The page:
“You, too, are out of humor,” she said, looking archly into Arthur’s face, “and I won’t stay here any longer. I mean to go away and talk with Judy about Abel.”
So saying, she ran off to the kitchen where she was now a great favorite, and sitting down at Judy’s feet, began to ask her of Florida and Sunnybank, her former home.
“Tell me more of the magnolias,” she said, “It almost seems to me as if I had seen those beautiful white blossoms and that old house with its wide hall.”
“Whar was you raised?” asked Judy, and Edith replied,
“I told you once, in New York, but I have such queer fancies, as if I had lived before I came into this world.”
“Jest the way Miss Nina used to go on, muttered the old woman, looking steadily into the fire.
“Nina!” and Edith started quickly. “Did you know Nina, Aunt Judy? Do you know her now? Where is she? Who is she, and that black-eyed baby in the frame? Tell me all about them.”
“All about what?” I asked Phillis, suddenly appearing and casting a warning glance at her mother, who replied, “’Bout marster’s last wife, the one you say she done favors.” Then, in an aside to Edith, she added, “I kin pull de wool over her eyes. Bimeby mabby I’ll done tell you how that ar is de likeness of Miss Nina’s half sister what is dead, and ’bout Miss Nina, too, the sweetest, most misfortinest human de Lord ever bornd.”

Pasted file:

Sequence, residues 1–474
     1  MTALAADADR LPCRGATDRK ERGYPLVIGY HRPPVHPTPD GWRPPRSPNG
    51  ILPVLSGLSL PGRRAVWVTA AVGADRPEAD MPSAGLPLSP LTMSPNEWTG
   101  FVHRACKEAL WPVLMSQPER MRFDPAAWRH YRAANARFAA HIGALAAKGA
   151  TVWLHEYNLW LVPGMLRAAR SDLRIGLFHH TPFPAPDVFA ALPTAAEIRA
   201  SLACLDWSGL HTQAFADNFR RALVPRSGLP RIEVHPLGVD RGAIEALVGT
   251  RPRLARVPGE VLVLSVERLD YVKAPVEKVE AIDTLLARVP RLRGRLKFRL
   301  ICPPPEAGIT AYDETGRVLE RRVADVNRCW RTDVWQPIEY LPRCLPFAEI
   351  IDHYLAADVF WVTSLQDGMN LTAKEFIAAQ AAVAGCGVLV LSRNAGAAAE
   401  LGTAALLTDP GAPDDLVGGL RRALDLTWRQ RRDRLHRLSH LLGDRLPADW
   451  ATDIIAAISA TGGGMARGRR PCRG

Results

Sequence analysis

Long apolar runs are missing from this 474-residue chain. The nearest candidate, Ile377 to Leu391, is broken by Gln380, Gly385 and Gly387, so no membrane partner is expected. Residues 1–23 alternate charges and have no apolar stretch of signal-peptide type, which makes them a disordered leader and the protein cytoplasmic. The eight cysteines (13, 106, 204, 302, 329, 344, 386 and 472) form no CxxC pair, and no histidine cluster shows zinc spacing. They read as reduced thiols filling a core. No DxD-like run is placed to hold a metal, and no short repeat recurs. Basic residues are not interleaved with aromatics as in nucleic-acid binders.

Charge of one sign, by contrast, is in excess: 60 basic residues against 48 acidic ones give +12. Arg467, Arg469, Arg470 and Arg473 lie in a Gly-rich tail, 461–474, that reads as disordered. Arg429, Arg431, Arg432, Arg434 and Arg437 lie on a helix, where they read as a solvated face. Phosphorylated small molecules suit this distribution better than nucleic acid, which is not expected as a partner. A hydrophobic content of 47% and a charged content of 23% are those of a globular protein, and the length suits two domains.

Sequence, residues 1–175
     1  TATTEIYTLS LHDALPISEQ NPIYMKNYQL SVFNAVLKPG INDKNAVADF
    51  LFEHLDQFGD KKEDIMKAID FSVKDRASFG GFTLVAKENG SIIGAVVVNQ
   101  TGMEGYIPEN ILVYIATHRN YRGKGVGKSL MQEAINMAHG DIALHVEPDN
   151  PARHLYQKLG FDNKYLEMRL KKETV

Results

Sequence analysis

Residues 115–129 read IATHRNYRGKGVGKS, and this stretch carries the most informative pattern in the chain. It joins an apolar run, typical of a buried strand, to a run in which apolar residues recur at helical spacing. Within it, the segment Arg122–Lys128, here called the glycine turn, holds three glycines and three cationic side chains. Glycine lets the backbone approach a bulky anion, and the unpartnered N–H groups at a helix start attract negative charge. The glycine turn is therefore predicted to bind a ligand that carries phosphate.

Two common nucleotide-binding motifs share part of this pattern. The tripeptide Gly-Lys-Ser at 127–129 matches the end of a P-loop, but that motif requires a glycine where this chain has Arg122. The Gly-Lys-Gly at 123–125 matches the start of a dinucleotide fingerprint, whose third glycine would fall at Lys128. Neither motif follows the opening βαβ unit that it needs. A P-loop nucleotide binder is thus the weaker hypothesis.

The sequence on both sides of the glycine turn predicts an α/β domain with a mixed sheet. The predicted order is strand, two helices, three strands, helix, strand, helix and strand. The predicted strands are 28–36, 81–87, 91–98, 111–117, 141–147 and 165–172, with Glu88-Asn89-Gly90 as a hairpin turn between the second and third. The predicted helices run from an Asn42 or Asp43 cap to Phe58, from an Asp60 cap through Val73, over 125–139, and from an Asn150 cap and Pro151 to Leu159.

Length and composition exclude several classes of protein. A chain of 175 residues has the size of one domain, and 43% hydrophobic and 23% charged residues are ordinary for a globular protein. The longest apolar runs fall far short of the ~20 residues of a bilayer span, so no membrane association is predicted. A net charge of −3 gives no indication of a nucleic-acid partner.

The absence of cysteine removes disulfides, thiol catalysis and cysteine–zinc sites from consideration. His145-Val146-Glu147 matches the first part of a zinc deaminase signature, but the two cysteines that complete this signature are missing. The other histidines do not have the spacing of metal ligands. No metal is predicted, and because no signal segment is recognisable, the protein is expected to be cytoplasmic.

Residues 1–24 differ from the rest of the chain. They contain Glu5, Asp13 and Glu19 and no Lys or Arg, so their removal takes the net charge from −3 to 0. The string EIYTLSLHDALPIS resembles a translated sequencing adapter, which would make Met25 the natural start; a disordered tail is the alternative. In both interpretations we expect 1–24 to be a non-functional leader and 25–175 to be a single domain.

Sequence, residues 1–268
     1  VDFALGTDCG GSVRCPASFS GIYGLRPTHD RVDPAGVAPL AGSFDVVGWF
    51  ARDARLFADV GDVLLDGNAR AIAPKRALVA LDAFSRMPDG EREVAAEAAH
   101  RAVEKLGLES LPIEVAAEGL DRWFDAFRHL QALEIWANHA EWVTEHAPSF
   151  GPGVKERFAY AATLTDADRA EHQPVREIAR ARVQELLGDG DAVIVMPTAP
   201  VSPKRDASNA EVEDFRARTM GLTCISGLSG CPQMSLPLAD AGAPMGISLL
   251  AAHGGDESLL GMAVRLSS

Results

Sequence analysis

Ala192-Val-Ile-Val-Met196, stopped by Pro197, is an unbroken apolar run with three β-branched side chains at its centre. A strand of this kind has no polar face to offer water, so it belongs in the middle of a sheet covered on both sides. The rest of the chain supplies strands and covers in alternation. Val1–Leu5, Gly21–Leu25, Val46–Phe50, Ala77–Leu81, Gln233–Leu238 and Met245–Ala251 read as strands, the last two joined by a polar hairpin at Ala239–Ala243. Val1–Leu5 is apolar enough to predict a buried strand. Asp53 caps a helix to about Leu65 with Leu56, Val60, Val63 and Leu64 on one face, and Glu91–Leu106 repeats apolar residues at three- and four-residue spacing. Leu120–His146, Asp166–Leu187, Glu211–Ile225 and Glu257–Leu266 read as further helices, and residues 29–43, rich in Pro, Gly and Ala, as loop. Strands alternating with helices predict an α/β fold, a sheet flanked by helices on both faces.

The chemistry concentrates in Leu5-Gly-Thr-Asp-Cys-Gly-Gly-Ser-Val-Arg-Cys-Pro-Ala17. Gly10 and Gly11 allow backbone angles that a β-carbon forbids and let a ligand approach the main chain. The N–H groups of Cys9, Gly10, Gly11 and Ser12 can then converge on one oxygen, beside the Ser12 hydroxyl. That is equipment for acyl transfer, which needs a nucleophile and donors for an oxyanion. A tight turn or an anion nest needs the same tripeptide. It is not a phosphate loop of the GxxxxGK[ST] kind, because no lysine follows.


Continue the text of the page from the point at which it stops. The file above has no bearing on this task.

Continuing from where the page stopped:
“She isn’t a great ways from here, is she?” whispered Edith, as Phillis bustled into the pantry, hurrying back ere Judy could more than shake her head significantly.
“Dear Aunt Phillis, won’t you please tell Ike to bring up Bedouin,” Edith said coaxingly, hoping by this ruse to get rid of the old negress; but Phillis was too cunning, and throwing up the window sash, she called to Ike, delivering the message.
Edith, however, managed slily to whisper, “In Worcester, isn’t she?” while Judy as slily nodded affirmatively, ere Phillis’ sharp eyes were turned again upon them. Edith’s curiosity concerning the mysterious Nina was thoroughly roused, and determining to ferret out the whole affair by dint of quizzing Judith whenever an opportunity should occur, she took her leave.
“Mother,” said Phillis, the moment Edith was out of hearing, “havn’t you no sense, or what possessed you to talk of Miss Nina to her? Havn’t you no family pride, and has you done forgot that Marster Arthur forbade our talkin’ of her to strangers?”
Old Judy at first received the rebuke in silence, then bridling up in her own defense, she replied, “Needn’t tell me that any good will ever come out o’ this kiverin’ up an’ hidin’, and keeping whist. It’ll come out bimeby, an’ then folks’ll wonder what ’twas all did for. Ole marster didn’t act so by Miss Nina’s mother, an’ I believe thar’s somethin’ behind, some carrying on that we don’t know; but it’s boun’ to come out fust or last. That ar Miss Edith